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  1. #1
    Join Date
    Mar 2009
    Location
    Central Ky.
    Posts
    47

    Temp Rise Question

    Good Evening,
    I've spent a couple of days at my daughters trying to lower her elec. bill. Sealing attic ductwork, more insulation etc. I caught the outdoor temp. @ 47 this morning so I checked the temp rise at the air handler and 18 degree is all it would do.
    She has a 2 ton 10 seer unit. I phoned the only HVAC guy I know and he seemed to think its performing as it should. I've done some online research and the output should be 22k btu @ 47 degrees, which on paper is a 24 degree temp rise.
    I'm sure there's variables, but would 18 degrees be considered an acceptable temp rise? Any response welcomed, and thanks.

  2. #2
    Join Date
    Aug 2001
    Location
    Pavilion, NY
    Posts
    2,186
    Did you happen to measure the temperature of the large insulated line?
    ...

  3. #3
    Join Date
    Feb 2013
    Location
    Joliet, IL
    Posts
    1
    This is the Ask Our Pro's forum. In order to post a response here, you must have verified qualifications and have been approved by the AOP Committee. You may ask a question by starting a new thread.

    You can find the rules for posting and qualifications here.

    Additional infractions may result in loss of posting privileges.
    Last edited by jpsmith1cm; 02-06-2013 at 09:29 PM.

  4. #4
    Join Date
    Mar 2009
    Location
    Central Ky.
    Posts
    47
    Kanga, Thanks for your reply. Didn't have a good therm. for the suction line but I'll get it tomorrow and repost. It was hot very hot all you could do to keep your hand on it.

  5. #5
    Join Date
    Dec 2008
    Location
    Ontario Canada
    Posts
    549
    22 BTUH at 47F ODT sounds a little optimistic to me, but it may be possible if all is tuned correctly.

    I am curious though, how you calculated your expected temp rise without knowing your airflow

    Either way, it sounds like it may be possible for a tech to tune up your HP and squeeze a few BTU out of it. It's probably well worth your money for a service call if you can shed some $$ off your hydro bill

    Use the contractor locator map to find an Htalk guy, there are lots of guys here that are really good with HPs

  6. #6
    Join Date
    Jul 2005
    Posts
    5,576
    As has been mentioned, you must know the cfm in order to calculate the expected temp rise. If this system has a 3 ton air handler set for 3 tons of airflow (1200 cfm) then the numbers would be pretty close. That being said, if that was the case, then lowering the airflow to 800 cfm would actually reduce the heating capacity and could potentially reduce the efficiency in heating mode as well, and this depends upon several factors. The good news is that it's a 2 ton system, how much electricity could it possibly be using?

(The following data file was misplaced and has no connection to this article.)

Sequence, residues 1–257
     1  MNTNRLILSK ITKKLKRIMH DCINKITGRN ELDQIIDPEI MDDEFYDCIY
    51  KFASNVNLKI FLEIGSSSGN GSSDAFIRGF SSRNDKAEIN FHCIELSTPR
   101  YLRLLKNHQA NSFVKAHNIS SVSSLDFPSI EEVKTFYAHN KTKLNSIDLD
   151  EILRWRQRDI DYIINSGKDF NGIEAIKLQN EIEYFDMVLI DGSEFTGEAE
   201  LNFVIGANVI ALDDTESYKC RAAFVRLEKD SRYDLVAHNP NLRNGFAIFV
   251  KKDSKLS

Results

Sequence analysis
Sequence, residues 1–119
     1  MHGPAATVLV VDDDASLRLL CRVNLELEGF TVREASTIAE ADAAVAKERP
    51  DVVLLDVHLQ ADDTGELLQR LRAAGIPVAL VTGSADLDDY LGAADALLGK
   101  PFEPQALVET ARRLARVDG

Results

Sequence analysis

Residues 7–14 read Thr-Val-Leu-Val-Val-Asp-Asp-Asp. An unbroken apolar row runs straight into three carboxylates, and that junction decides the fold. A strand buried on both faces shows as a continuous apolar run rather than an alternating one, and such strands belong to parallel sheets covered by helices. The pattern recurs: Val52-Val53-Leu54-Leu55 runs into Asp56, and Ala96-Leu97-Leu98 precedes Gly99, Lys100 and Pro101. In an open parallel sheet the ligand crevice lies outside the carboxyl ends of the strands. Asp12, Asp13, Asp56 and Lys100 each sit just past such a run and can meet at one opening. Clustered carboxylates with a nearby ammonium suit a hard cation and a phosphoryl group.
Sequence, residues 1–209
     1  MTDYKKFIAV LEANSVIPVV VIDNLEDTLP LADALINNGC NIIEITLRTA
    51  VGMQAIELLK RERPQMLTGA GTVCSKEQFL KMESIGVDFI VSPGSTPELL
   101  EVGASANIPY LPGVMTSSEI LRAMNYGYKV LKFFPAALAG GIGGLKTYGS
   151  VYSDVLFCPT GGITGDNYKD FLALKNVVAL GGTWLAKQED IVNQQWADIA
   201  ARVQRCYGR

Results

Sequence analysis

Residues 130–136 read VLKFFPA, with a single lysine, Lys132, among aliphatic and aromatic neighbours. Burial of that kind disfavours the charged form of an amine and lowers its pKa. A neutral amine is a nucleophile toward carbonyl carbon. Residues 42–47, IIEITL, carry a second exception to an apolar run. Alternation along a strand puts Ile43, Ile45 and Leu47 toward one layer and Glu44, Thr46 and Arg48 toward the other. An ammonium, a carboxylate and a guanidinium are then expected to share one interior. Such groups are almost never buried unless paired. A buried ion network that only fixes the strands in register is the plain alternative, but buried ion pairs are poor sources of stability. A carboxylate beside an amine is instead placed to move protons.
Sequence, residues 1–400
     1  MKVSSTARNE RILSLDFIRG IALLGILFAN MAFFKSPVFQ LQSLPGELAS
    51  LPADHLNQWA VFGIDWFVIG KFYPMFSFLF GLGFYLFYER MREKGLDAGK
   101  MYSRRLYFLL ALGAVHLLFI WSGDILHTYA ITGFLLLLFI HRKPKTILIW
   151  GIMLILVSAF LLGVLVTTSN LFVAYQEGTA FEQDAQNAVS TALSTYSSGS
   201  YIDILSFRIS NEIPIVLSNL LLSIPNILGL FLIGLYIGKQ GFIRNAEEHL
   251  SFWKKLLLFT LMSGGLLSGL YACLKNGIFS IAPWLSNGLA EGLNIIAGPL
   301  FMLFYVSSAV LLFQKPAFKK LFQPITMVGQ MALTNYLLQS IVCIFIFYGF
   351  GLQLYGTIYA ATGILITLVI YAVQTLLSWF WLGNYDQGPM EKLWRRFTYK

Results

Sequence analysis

ROI should be taken into account before energy saving projects are begun. It's difficult to recoup improvement costs when the heating and cooling expenses were already relatively small. What's the model number of the air handler? Are the ducts running through an unconditioned space? Did you measure the temp rise at the return and supply grilles, or at the air handler inlet and outlet?

  7. #7
    Join Date
    Mar 2009
    Location
    Central Ky.
    Posts
    47
    LK & Medic,
    True airflow is unknown, but I did go to emerg. heat w/10k strips and had a 39 degree TR. With that known info I looked up the online heating data which was 22k btu. @ 47 amb. A lil math later I had 24.8 target TR. Unfortunately 18 degrees only means about 16k if my math is right. AH is 2 ton on hi speed. Temp readings were @ filter & 12" off supply plenum.
    Last edited by MrDodge; 02-06-2013 at 08:48 PM. Reason: add info

  8. #8
    Join Date
    Feb 2010
    Location
    Ohio
    Posts
    562
    If you had only the electric heat strip on at 10kw = 34,120 btuh. 34,120=1.08xCFMx39. Therefore, CFM = 810 if you got a good accurate TR (approximately). It's probably running at the same speed as when the HP is running, right? Do you know if that's true for a certainty?

  9. #9
    Join Date
    Mar 2009
    Location
    Central Ky.
    Posts
    47
    Chris, Yes confident about the strip TR, & yes fan speed is same strip or HP. Thanks

  10. #10
    Join Date
    Sep 2008
    Location
    Western PA
    Posts
    25,863
    tbone18

    This is the Ask Our Pro's forum. In order to post a response here, you must have verified qualifications and have been approved by the AOP Committee. You may ask a question by starting a new thread.

    You can find the rules for posting and qualifications here.

    Additional infractions may result in loss of posting privileges.

  11. #11
    Join Date
    Mar 2009
    Location
    Central Ky.
    Posts
    47
    Kanga, I took an accurate temp at a coil today. Suction line was 106 degrees @ 35 degrees ambient with a 13 degree temp rise. If the online data is correct I should have a 20 degree TR even with a 10 seer.
    I cleaned the indoor & outdoor coil yesterday. Are these numbers in line for a 10 seer or should I have someone look at it? Thanks in advance.

  12. #12
    Join Date
    Aug 2001
    Location
    Pavilion, NY
    Posts
    2,186
    You have something going on there. Your line temp should be about 30 degrees warmer. I would have someone check the refrigeration circuit.
    ...

  13. #13
    Join Date
    Mar 2009
    Location
    Central Ky.
    Posts
    47
    Thanks Kanga, For your timely response. Monday I started this endeavor with temps near the same as today (35). The HP wouldn't keep up (aux. would kick in). Today, after sealing the ducts, 36 bags of cellulose etc. the lil unit is off more than its on. But I'd like it to be a lil closer to spec so I'll have it serviced.
    Thanks again

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